Do you emphasize the hacking itself in your coverage, knowing that this will undercut the source’s agenda but could also be a disservice to readers by putting less focus on newsworthy information in the release? Do you withhold newsworthy documents, even only temporarily, to check their veracity and provenance? What if they have already been reported by other outlets that were shown the documents first? If they did turn out to be hacked as part of a hostile foreign operation, does that really make their contents less newsworthy? These are old questions for journalists, but they have taken on new urgency with the scale of Russia’s hackings and aims. Though the calculus of reporting on leaks may be familiar, one aspect of the Russian operation stands out: the lengths to which the fronts go to mask their identities and motives. Because the internet gives any outlet the potential to reach millions, all it takes is one leak to send the document flying across the web.
Last year, hackers infiltrated the United States Agency, most likely in retaliation for accusations of doping among Russia’s Olympic athletes. But Fancy Bears struggled to place the stolen documents with American or British outlets. Reporters who saw the files said their news value did not outweigh the risk of serving Russian interests.
When Fancy Bears offered the files to The Associated Press, the reporters instead published a story on the group itself. Fancy Bears ultimately persuaded sportswriters with Spiegel, a prominent German outlet, to report on emails that appeared to show American athletes requesting medical exceptions to take restricted drugs. The article noted a possible Russian link only in the final lines, alongside a quote from an American official arguing that the leak was intended to distract from doping.
If mainstream outlets pass on a hacking, fronts can always pass the documents to peripheral outfits who will lend them less weight but can still send them across social media. That has often included the website InfoWars, which was founded by the radio host Alex Jones and often publishes conspiracy theories. Guccifer 2.
0 approached Mikael Thalen, a writer for InfoWars, with D. N. C.
documents that showed Democrats’ plans for attacking Paul Manafort, a campaign manager to Donald J. Trump who had worked on behalf of the Ukrainian president Viktor Yanukovych, a Kremlin ally. Mr.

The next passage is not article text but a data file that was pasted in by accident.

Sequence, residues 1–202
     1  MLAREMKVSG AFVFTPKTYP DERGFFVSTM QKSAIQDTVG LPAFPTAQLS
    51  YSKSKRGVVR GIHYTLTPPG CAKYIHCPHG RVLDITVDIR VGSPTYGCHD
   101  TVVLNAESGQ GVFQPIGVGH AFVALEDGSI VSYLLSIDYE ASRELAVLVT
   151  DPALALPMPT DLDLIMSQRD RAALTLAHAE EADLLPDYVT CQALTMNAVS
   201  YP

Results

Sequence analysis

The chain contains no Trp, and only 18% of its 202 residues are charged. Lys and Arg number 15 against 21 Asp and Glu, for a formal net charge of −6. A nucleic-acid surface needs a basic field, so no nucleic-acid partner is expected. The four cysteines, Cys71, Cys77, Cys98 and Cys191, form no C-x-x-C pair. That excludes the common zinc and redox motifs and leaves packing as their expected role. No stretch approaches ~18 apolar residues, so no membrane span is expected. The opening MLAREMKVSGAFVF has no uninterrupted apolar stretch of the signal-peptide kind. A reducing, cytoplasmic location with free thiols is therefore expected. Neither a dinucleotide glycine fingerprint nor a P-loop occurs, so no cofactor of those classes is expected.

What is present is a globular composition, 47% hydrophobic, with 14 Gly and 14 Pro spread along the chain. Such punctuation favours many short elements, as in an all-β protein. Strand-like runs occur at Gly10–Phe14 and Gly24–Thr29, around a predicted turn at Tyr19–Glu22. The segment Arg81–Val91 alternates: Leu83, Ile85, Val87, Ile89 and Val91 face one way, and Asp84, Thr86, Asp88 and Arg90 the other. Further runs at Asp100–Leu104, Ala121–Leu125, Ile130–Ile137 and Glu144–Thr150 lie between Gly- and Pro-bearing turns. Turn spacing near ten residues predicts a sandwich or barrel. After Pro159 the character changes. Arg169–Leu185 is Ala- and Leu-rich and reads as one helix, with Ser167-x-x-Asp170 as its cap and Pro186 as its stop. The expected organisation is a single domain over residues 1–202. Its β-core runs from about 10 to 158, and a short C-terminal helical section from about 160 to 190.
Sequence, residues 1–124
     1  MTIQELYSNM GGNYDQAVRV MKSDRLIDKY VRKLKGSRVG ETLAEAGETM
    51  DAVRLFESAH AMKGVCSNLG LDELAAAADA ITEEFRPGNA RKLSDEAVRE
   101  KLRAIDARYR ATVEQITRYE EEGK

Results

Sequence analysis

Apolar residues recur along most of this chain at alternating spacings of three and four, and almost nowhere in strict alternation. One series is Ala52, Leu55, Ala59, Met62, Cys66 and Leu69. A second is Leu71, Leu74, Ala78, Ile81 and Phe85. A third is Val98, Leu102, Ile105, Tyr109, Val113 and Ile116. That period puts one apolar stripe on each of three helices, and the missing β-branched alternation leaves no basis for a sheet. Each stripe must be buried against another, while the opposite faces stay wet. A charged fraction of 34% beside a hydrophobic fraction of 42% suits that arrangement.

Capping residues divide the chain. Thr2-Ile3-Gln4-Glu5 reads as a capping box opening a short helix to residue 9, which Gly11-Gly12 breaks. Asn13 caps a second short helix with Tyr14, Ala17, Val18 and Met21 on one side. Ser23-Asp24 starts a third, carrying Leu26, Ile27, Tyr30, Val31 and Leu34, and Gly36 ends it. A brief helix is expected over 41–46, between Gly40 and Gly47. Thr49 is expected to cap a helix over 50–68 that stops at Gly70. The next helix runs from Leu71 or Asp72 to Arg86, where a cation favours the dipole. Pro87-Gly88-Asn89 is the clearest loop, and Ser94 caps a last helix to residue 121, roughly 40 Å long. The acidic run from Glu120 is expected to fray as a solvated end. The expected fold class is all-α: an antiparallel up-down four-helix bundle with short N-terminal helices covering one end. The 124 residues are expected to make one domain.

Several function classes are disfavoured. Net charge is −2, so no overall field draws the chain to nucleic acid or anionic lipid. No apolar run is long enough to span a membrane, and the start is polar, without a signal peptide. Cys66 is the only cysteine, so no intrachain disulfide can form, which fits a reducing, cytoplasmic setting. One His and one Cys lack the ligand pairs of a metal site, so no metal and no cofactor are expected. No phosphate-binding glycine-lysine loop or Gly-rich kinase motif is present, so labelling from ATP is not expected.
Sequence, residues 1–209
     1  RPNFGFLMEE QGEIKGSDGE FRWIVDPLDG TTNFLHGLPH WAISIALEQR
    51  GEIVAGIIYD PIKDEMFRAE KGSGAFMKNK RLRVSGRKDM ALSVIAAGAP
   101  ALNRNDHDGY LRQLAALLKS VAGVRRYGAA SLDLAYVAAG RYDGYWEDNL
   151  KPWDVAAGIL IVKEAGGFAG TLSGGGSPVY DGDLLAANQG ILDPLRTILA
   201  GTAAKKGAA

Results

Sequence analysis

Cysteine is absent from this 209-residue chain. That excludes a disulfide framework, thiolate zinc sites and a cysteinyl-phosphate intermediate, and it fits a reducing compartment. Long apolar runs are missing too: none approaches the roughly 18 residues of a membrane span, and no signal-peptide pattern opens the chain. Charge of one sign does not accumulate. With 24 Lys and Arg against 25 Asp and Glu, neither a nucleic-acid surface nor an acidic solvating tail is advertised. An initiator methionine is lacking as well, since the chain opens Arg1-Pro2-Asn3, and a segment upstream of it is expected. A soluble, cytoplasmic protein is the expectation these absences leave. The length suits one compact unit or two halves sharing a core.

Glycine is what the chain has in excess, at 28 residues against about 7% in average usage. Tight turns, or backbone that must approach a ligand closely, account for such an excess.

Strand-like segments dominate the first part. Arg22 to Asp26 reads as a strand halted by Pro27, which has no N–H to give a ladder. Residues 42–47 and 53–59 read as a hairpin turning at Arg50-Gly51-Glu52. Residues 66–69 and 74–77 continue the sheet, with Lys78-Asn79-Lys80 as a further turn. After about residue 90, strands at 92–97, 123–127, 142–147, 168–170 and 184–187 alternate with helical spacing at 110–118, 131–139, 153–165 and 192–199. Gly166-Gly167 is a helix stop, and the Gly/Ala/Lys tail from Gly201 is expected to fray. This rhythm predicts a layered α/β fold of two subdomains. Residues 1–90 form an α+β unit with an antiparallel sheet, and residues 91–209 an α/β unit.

Thalen had come to believe, after many interactions with the front groups, that they “would reach out based on who would best carry the story the way they wanted it carried. ” He feared that Moscow was hoping InfoWars, by publishing the files, would muddy the water around accusations against Mr. Manafort, indirectly aiding Mr.
Trump’s campaign. Breaking with InfoWars’ usual reliance on such files, he declined to publish the documents. Because everyone has secrets, even if it’s only a few embarrassing personal emails, and because no network is impenetrable, skilled hackers can dig up compromising material on virtually any target.
Democracies, which give privilege to competitive politics and free media, are particularly susceptible. “An open society is by choice more vulnerable than a closed society to some form of influence operation,” said Mr. Rid.
“That is why we’re strong, but it’s also why we’re weak. ” The more that journalists and readers understand the motivations of foreign government leakers, he argued, the better they will be able to place those leaks in context, undercutting the hackers’ agenda without hiding newsworthy information. He compared this to a healthy body developing antibodies against a disease — foreign influence operations — that cannot be wholly immunized against while maintaining democratic openness.
Still, some media trends — polarization, fake news, the nature of social media — cut against those hopes. “This polarized election presented itself as a target of opportunity of the first order,” Mr. Rid said.
Reporters may at times be hindered by a lack of transparency between media organizations, which are often highly competitive and prize speed and scoops. This has left reporters vulnerable because they cannot easily pool lessons on spotting foreign operations or, say, warn one another that a certain front is exaggerating the newsworthiness of its latest leak. “The more light shone on this, the more information you have when dealing with a source, the better decisions you’re going to make,” Mr.
Cheshire said. Mr. Thalen, the InfoWars reporter, said he was increasingly turning down leaks that he knows his audience would read avidly and reward with acclaim, but that he considered exaggerated to advance Russian interests.
Still, he was unsure it had made much difference. “A lot of people have swayed their reporting with their biases, and I didn’t want to do that,” he said. “People are believing what they want to be true.